Three subclasses of rejection were combined in the primary analyses: (1) T-cell-mediated rejection (TCMR); (2) acute/active antibody-mediated rejection (ABMR); and (3) chronic, active ABMR. A review of 59 pathologists’ biopsy reports confirmed diagnosis of active rejection: 58 cases of active rejection in 204 biopsies performed for clinical suspicion (most commonly an elevation in serum creatinine), and one case of active rejection in 34 surveillance biopsies.

The researchers included all dd-cfDNA results that were collected at the same time that a clinically indicated biopsy was performed to define the area under the curve-received operating characteristic (AUC-ROC) performance of dd-cfDNA. There were 27 biopsy specimens from 27 patients with active rejection and 80 specimens from 75 patients without active rejection. Samples with >1% dd-cfDNA occurred significantly more often (P<.01) in these types of rejection and subelements: acute/active ABMR; chronic, active ABMR; any or moderate microvascular inflammation; linear C4d staining in peritubular capillaries; and presence of donor-specific antibody.

There were significant differences between groups in the fraction of dd-cfDNA in blood plasma. In the active rejection group, the median level of dd-cfDNA was significantly higher than in the comparator group of biopsy specimens without active rejection (1.6% vs 0.3%; P<.001). There was variation in median levels of dd-cfDNA by type of active rejection: 2.9% (ABMR); 1.2% (TCMR only, types IB and IIA); and 0.2% (TCMR only type IA).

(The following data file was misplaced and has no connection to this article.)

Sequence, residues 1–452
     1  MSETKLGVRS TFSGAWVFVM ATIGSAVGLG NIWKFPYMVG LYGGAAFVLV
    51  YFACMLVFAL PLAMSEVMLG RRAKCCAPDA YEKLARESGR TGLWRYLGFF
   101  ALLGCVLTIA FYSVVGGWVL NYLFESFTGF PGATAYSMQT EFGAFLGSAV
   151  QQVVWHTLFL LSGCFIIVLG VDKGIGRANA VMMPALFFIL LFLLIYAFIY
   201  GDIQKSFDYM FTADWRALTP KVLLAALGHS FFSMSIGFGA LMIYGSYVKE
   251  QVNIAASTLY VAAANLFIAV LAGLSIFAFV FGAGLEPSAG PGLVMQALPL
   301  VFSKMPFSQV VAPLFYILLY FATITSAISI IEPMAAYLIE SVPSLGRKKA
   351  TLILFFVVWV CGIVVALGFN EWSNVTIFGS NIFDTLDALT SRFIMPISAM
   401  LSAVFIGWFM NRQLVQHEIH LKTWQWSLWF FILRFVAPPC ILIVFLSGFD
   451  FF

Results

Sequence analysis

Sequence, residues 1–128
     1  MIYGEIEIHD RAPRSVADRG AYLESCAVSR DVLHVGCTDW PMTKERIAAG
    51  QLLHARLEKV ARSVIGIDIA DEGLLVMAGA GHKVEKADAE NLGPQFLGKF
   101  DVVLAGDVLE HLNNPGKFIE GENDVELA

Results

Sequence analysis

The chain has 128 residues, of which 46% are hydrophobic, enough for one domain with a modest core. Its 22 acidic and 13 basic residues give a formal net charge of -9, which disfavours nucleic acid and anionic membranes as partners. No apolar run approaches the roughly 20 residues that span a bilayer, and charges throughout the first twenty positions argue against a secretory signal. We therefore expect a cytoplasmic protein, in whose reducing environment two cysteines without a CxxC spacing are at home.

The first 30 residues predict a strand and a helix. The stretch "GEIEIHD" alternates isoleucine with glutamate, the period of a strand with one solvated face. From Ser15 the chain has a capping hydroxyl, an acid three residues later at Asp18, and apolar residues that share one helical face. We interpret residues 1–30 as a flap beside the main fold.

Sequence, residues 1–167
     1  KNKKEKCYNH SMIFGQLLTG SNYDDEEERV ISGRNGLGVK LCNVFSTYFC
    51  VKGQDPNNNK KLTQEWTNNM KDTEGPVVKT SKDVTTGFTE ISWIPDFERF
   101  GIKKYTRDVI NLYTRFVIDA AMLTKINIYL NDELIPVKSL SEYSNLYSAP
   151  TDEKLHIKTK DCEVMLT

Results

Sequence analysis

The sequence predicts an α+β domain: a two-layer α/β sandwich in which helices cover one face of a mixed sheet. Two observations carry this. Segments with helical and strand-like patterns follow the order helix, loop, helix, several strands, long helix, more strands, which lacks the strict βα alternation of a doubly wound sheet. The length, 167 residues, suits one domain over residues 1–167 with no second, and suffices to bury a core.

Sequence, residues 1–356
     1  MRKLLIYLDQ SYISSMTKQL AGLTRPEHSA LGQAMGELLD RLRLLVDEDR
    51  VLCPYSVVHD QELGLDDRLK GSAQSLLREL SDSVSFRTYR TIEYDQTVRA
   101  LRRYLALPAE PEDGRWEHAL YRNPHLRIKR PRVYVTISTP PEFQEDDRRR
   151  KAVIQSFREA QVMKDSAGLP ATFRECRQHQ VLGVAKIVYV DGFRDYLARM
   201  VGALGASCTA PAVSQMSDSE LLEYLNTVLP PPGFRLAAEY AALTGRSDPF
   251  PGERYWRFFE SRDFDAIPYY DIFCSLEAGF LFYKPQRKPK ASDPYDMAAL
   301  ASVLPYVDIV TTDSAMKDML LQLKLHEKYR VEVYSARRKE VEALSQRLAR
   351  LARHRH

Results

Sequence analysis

Positive predictive value for active rejection at a cutoff of 1.0% dd-cfDNA was 61%; negative predictive value was 84%. The AUC for discriminating ABMR from samples without ABMR was 0.87 (95% confidence interval, 0.75-0.97). Positive predictive value for ABMR at a cutoff of 1.0% dd-cfDNA was 44%; negative predictive value was 96%.

Limitations to the study cited by the researchers included the inability to estimate the performance of dd-cfDNA to discriminate active rejection or ABMR in patients who may have had subclinical rejection because there were only 34 surveillance biopsies and only one finding of active rejection. Further, the number of active rejections was limited. Finally, biopsy-matched blood samples were not collected for all biopsy specimens.

In summary, the researchers said, “This report sets the initial foundation for the performance characteristics of dd-cfDNA to detect active rejection and injury of the renal allograft beyond serum creatinine and without the need for a biopsy. The next steps of development include studies to validate these findings and to demonstrate the clinical utility of this new type of immune monitoring of the graft.”

Takeaway Points

  • Researchers reported on the DART (Circulating Donor-Derived Cell-Free DNA in Blood for Diagnosing Acute Rejection in Kidney Transplant Recipients) study of the use of donor-derived cell-free DNA (dd-cfDNA) to differentiate active rejection of allograft from allograft injury.
  • The positive and negative predictive values for active rejection at a cutoff of 1.0% dd-cfDNA were 61% and 84%, respectively.
  • Using dd-cfDNA to assess allograft rejection and injury is feasible; levels <1% reflect the absence of active rejection and levels >1% indicate a probability of active rejection.